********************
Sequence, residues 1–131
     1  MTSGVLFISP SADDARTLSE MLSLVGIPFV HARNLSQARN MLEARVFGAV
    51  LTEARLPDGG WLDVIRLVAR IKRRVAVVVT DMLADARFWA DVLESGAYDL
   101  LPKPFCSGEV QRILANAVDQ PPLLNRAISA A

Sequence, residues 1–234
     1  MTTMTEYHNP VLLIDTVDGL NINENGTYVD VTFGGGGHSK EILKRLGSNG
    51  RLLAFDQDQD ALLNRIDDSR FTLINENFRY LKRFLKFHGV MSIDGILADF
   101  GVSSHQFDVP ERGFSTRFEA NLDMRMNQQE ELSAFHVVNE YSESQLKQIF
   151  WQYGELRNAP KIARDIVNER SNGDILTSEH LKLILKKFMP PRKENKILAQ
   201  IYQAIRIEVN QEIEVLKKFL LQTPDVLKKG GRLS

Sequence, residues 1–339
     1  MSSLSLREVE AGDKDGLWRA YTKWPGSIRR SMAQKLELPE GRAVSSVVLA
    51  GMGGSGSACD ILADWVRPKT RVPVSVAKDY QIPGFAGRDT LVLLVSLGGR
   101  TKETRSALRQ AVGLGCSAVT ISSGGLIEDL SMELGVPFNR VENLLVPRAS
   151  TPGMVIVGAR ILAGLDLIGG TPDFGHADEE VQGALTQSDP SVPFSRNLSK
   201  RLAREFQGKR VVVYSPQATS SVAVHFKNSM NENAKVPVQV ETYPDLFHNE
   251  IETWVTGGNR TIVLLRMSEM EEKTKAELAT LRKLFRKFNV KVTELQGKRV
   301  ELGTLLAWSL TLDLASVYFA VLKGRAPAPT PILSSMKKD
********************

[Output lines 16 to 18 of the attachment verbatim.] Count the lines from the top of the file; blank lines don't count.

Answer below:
   201  RLAREFQGKR VVVYSPQATS SVAVHFKNSM NENAKVPVQV ETYPDLFHNE
   251  IETWVTGGNR TIVLLRMSEM EEKTKAELAT LRKLFRKFNV KVTELQGKRV
   301  ELGTLLAWSL TLDLASVYFA VLKGRAPAPT PILSSMKKD